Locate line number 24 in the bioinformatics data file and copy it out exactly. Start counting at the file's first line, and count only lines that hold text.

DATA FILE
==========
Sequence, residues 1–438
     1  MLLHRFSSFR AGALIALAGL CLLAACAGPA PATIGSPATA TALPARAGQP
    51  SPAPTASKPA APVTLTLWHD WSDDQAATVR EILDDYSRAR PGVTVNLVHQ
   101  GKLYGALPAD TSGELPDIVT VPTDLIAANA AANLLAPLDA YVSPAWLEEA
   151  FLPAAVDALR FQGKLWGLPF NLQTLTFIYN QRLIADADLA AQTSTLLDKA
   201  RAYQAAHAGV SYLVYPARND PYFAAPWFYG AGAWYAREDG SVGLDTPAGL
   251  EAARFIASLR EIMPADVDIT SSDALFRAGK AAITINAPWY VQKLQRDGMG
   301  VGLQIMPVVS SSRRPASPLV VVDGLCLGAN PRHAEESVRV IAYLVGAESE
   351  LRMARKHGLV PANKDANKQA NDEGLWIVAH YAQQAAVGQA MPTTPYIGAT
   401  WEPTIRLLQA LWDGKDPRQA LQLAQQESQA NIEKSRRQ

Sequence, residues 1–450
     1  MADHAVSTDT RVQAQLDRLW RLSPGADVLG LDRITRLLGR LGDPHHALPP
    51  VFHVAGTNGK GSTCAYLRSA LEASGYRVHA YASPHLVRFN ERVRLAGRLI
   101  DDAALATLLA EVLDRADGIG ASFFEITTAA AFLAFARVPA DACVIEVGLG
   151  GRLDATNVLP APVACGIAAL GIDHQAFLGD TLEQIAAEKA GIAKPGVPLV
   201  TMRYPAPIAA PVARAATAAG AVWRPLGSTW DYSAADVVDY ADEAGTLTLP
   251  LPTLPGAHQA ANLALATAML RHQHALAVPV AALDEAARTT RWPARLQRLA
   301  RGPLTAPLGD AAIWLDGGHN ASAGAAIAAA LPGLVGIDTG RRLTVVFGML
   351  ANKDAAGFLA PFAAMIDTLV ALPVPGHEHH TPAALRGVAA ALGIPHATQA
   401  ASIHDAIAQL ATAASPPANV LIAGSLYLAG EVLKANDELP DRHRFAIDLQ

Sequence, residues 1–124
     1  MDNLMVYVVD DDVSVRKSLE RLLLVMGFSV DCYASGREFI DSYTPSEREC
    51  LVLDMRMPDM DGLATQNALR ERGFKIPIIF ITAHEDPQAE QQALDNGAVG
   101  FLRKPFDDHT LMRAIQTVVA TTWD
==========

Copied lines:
   101  FLRKPFDDHT LMRAIQTVVA TTWD